This paper aims to explore the important factors explaining failure of energy efficiency polices in Iran. Nowadays, achieving higher levels of energy efficiency is considered as an undeniable strategic, economic and environmental objective of many countries. Improving energy efficiency leads to energy safety, healthy environment and economic growth. In Islamic Republic of Iran, like many other countries, the concept of energy efficiency has attracted the attention of policy makers over the last several years, though it has experienced several ups and downs. The final serious endeavors accomplished in 2010 and 2011 when a new set of energy efficiency policies were developed and new regulations were put forward and imparted for implementation. However, unfortunately this policies were not successful in practice. The trend and levels of multiple indicators such as “energy consumption per capita”,” energy intensity”, “energy factor” consistently illustrate the failure of these policies according to the planned objectives. The purpose of this paper is to identify, define and prioritize the factors contributed this policy failure, according to the analytical framework recommended by McConnell. Politics, plan and process are recognized as the three main categories of the failure factors. To this aim, the case study methodology is used focusing on two particular policies: “consumption pattern reform policies” and “consumption pattern reform Act” as two most important energy efficiency policies in last 20 years. After documentary desk research, 5 interviews and a focus group with 12 members were carried out. Employing thematic analysis as our data analysis method, the nine most important underlying causes of failures of energy efficiency policies were identified. In order to understand the relative importance of these different factors, we relied on a questionnaire to collect the data from 20 experts and practitioners involved in the policy process. The Topsis analysis method illustrated four main factors namely: “low energy prices”, “lack of responsiveness in authorities”, “inappropriate methods to adjust energy prices” and “shortsighted political structures “which have played the most importance role in the failure of energy efficiencies among other factors. We also found that McConnell framework has a limited capacity to analyze the institutional aspect of policy failures.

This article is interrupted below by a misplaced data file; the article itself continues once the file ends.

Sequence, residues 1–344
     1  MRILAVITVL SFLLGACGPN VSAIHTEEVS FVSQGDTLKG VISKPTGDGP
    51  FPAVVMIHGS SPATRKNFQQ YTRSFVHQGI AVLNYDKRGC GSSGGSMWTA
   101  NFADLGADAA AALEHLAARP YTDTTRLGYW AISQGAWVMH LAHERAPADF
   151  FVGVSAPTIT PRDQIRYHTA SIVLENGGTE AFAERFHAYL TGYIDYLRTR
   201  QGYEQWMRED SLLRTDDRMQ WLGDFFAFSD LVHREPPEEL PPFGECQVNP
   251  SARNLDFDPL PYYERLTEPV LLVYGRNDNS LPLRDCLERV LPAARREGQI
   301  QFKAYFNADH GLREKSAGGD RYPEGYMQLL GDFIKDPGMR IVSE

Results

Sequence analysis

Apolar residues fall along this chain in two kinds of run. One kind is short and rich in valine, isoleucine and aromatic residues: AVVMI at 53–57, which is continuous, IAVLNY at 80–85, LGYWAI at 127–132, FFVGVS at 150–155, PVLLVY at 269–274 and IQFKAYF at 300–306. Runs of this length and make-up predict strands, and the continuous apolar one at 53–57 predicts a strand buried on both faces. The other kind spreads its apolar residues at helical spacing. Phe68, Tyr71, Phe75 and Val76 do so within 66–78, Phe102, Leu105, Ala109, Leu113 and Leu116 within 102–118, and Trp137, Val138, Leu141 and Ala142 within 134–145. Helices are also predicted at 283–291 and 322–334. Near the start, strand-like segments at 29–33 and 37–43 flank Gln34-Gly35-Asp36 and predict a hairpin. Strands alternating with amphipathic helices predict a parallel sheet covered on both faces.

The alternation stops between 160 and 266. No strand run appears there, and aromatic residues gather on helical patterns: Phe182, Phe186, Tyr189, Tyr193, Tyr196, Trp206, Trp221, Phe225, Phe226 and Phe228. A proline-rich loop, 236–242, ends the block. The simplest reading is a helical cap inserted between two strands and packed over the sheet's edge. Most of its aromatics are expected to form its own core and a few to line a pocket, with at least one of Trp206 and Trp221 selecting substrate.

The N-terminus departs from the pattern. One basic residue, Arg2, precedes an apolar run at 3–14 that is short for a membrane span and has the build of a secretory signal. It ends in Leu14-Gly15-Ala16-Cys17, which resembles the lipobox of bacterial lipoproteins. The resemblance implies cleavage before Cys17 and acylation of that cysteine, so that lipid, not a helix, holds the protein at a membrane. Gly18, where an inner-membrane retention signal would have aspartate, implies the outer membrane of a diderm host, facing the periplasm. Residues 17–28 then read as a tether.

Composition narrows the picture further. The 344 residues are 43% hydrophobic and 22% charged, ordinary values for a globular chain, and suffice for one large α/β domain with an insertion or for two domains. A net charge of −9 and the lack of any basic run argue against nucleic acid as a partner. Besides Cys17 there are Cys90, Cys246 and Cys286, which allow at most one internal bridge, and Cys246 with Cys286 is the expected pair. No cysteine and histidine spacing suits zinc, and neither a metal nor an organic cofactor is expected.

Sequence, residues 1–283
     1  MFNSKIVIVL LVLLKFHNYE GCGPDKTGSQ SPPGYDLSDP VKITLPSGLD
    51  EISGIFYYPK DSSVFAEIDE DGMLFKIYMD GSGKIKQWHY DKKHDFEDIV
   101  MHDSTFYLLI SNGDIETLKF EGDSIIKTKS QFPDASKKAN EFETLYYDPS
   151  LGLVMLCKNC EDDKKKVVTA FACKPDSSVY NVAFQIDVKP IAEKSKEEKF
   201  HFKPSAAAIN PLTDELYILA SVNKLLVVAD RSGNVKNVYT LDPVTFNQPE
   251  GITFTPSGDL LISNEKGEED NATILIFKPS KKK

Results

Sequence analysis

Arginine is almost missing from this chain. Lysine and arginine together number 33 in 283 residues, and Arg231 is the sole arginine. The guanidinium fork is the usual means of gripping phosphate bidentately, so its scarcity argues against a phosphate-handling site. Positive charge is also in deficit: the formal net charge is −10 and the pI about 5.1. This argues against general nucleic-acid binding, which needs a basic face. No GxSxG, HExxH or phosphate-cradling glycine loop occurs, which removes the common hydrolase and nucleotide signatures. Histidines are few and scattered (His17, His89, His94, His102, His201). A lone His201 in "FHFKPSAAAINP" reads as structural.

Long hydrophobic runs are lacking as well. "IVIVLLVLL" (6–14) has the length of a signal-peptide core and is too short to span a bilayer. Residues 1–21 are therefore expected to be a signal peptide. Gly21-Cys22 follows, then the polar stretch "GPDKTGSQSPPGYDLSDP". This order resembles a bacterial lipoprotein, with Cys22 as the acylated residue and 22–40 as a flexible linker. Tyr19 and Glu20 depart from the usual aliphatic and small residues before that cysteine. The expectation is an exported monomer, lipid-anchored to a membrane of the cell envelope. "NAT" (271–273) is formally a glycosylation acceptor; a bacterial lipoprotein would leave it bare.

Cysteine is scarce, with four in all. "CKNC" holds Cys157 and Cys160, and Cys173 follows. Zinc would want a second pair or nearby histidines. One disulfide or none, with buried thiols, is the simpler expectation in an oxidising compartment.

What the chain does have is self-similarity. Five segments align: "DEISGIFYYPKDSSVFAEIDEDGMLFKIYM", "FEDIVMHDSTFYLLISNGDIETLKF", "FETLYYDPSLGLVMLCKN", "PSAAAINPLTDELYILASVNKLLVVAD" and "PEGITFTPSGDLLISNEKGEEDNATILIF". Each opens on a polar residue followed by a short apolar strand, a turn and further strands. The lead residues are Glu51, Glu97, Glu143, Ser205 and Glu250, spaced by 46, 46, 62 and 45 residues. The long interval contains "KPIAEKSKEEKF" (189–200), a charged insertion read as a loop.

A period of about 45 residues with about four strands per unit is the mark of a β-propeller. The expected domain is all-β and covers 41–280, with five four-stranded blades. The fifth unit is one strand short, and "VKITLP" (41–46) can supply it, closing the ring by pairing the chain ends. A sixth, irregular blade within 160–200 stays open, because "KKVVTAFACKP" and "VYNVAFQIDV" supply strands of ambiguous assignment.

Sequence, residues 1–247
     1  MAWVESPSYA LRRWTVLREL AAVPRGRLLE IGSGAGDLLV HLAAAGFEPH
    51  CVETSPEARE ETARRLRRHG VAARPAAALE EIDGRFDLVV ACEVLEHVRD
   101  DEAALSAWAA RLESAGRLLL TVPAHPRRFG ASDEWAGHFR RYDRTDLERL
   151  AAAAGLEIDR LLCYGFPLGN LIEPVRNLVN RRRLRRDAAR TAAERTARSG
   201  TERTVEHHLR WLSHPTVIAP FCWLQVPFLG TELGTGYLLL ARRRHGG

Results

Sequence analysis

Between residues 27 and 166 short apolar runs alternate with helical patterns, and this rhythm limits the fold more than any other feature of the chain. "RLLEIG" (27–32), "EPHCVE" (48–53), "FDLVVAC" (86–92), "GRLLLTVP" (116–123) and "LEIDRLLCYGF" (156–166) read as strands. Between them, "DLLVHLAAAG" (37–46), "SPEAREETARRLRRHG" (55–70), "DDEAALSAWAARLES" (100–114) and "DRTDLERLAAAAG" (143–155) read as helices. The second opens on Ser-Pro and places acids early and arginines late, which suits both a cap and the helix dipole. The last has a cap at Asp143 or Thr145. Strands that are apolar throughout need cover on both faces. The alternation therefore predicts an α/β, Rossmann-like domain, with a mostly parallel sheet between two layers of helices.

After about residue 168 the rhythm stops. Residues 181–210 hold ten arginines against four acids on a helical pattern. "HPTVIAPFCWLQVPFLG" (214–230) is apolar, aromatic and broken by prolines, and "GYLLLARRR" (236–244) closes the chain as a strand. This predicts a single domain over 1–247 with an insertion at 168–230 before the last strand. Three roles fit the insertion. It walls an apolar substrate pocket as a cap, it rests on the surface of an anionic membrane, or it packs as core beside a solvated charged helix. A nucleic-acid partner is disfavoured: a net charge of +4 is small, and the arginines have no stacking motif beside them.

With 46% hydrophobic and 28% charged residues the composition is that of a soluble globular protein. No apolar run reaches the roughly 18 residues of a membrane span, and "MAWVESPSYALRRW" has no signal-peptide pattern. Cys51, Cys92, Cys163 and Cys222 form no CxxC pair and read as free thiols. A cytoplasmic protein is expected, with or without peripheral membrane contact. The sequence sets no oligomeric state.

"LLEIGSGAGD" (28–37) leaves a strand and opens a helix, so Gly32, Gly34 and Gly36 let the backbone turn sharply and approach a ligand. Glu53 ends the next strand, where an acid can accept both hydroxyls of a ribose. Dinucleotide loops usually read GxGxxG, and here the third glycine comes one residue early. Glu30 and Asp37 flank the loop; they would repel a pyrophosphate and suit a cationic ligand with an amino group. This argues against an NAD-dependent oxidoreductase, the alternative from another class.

Towards Improved Public Distribution System for Sustainable Livelihood of Poor people in India through Direct Benefit Transfer Scheme: An Empirical study of Chandigarh